Watching live theater performances often engages people more than a TV show largely because everything happens live, right in front of their eyes. The audience usually feels so involved in the performance that every comic or tragic incident triggers deep emotions within them. Current research shows the heartbeats of audiences synchronizing with a theater performance.
The research, carried out by the UCL Division of Psychological and Language Sciences (PaLS), involved monitoring the heartbeats and electrodermal activity of 12 people watching live theater. An analysis of the data showed that the subjects’ hearts were responding in unison to the performance. Even when their pulse sped up or slowed down, it occurred at the same rate. Researchers realized that the experience of live theater performance was so overwhelming to the audience that they forgot group differences and developed a common psychological experience.
Incredibly, the synchronicity of heartbeats also continued during intervals between the audience members who knew each other. “Our hypothesis is that it’s at this point, the interval, that the audience members are engaged with each other, discussing the show within their social groups. During this social interaction with each other, we can see that their in-group arousal synchronizes with each other, but not with the audience members as a whole,” Dr. Daniel C. Richardson, a researcher of the project, said in a statement (UCL).
The synchronicity of physiological factors is not only seen in theater performances, but also in musical performances. One study looked at the brainwaves of people who listened to music as a group. The researchers hired a band to perform in front of 24 participants while measuring the audience’s brain waves and used motion capture to identify how people moved to the music. The team found that brain waves of the subjects synchronized, indicating that every individual was enjoying the music better as part of a collective group.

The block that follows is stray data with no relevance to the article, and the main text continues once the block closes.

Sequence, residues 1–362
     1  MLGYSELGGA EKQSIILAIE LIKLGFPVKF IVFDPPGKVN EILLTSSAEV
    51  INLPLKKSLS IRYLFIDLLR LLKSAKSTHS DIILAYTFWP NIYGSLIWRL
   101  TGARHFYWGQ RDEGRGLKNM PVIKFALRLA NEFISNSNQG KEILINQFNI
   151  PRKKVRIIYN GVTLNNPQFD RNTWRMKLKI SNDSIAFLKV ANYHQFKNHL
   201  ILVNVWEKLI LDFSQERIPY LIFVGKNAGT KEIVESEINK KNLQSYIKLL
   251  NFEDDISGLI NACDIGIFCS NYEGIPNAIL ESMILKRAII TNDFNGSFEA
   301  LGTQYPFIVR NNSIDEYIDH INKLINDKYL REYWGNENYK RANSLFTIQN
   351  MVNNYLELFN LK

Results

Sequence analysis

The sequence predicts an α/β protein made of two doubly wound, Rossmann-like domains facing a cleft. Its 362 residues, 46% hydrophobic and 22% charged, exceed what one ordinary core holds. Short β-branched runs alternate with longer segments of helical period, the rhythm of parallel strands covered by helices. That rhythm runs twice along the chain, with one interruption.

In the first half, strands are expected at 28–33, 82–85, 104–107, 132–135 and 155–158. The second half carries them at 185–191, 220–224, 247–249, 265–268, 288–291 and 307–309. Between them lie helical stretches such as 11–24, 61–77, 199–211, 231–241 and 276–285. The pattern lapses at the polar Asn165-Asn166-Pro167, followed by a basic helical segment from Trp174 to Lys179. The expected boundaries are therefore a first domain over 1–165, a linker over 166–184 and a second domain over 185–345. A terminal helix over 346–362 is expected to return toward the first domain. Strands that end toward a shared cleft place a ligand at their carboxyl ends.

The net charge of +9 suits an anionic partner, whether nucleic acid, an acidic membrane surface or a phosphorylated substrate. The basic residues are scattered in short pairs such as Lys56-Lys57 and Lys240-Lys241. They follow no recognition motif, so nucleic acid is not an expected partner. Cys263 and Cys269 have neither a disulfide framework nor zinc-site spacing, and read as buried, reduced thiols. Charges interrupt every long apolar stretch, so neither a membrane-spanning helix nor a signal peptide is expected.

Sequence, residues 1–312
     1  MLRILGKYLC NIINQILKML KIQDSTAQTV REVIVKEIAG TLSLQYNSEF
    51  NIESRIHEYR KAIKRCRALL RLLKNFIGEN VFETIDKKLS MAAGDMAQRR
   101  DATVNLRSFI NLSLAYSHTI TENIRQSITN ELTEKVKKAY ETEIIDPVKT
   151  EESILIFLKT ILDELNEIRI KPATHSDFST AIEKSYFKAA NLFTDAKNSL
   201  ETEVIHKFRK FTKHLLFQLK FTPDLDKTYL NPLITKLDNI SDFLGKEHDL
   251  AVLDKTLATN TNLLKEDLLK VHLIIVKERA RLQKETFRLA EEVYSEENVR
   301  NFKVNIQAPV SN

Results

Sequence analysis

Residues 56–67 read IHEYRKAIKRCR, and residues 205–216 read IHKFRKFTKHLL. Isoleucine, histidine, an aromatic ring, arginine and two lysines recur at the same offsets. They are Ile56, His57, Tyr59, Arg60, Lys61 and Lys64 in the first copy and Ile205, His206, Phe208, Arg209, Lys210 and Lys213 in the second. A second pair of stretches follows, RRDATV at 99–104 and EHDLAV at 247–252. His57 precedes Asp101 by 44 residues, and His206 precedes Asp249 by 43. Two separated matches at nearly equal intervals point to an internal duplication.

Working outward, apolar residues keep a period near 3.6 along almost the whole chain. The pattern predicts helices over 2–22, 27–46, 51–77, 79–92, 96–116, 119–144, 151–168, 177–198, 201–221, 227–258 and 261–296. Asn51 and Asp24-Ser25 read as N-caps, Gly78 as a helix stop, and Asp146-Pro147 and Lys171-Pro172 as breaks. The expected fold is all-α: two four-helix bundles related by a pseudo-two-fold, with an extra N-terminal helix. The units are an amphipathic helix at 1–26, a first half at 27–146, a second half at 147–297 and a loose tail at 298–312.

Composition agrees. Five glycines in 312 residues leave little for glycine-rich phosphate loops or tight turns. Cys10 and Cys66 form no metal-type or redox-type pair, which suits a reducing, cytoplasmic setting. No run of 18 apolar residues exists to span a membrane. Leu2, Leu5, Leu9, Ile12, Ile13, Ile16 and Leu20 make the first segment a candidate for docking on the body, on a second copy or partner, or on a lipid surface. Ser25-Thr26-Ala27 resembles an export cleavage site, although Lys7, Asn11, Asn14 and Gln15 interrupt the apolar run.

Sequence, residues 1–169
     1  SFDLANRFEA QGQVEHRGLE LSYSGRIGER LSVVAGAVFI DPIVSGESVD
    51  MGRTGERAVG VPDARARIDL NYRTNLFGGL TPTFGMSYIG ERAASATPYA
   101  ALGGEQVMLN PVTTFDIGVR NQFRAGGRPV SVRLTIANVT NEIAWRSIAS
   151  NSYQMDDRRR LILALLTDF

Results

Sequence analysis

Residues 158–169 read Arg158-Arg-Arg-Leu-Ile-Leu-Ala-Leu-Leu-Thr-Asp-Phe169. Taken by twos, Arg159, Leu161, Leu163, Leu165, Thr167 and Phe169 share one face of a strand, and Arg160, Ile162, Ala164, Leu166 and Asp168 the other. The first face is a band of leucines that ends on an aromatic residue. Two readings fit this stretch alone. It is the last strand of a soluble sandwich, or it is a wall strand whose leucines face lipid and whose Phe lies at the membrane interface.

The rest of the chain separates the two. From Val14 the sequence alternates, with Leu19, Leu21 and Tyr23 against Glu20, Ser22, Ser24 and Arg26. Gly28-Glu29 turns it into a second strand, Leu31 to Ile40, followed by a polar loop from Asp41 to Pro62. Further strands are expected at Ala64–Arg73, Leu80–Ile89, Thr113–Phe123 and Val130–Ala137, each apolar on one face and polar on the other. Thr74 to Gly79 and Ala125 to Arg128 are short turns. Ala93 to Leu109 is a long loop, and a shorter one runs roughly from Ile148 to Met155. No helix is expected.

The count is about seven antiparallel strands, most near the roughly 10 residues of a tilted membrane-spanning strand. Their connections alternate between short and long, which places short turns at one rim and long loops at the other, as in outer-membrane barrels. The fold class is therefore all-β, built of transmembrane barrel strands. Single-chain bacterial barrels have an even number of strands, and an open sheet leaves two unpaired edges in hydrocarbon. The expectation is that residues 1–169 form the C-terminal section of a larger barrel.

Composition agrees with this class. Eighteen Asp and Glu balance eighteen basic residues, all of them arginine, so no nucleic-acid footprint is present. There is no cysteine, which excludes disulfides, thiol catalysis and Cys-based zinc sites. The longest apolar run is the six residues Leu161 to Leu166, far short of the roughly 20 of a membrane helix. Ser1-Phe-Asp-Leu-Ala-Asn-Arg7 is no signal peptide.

Some individuals were found to have higher rates of brainwave synchronicity than other members. “It turned out people who had more synchronized connections to other audience members enjoyed the concert more and they also felt more connected to the performers than the people who showed fewer audience connections,” Jessica Grahn, a Western Psychology professor in the Brain and Mind Institute who co-led the study, said to Medical Xpress.
Classrooms also seem to mimic what audiences watching a theater performance or live music experiences. In a study conducted in New York, researchers put a portable electroencephalogram (EEG) headset on 12 high school students and their teacher. They monitored the subjects for 11 classes and found that the more the students were engaged with their fellow classmates and teachers, the more their brainwave patterns synced with each other.
“The central hub seems to be attention… But whatever determines how attentive you are can stem from various sources, from personality to state of mind. So the picture that seems to emerge is that it’s not just that we pay attention to the world around us; it’s also what our social personalities are, and who we’re with,” Suzanne Dikker, a co-author on the study, said to Smithsonian.
Results of the study suggest that brainwave analysis can be used to determine whether the students are in a position to comprehend what is being taught to them. This can lead to the development of efficient teaching practices where students are assigned classes based on whether they are able to sync in well with their teachers.
Top theater performances in the US
Based on Harper Lee’s classic novel by Academy Award-winning screenwriter Aaron Sorkin, To Kill A Mockingbird (TKAM) plays on Broadway. An icon of Western literature, TKAM has touched on many lives with its open-hearted portrayal of the American South. “All rise. A transfixing act of theatrical storytelling that makes us hang on every word as if experiencing the story for the first time,” noted David Rooney from The Hollywood Reporter.
Stunning music with world-class choreography defines Disney’s The Lion King. One of the longest-running Broadway shows, The Lion King is a marvel for kids and adults alike as the epic journey of Simba is retold with breathtaking artistry. “Awe-inspiring! Broadway theater is alive again. [Julie] Taymor’s imaginative ideas seem limitless. it’s a gorgeous, gasp-inducing spectacle. Most important — against all odds — it has innocence. The show appeals to our primal, childlike excitement in the power of theater to make us see things afresh,” writes Richard Zoglin from Time Magazine.
For those interested in Chinese history, culture, and traditions, there isn’t a better place to be other than Shen Yun. Unveiling China’s magnificent 5,000-year-old divine culture, Shen Yun is the world’s premier Chinese dance and music company with shows throughout the world. “I have a granddaughter. I want her to see something like this because it’ll probably enrich her soul and her development as a person. It would change her life” says Roman Marcinkiewicz.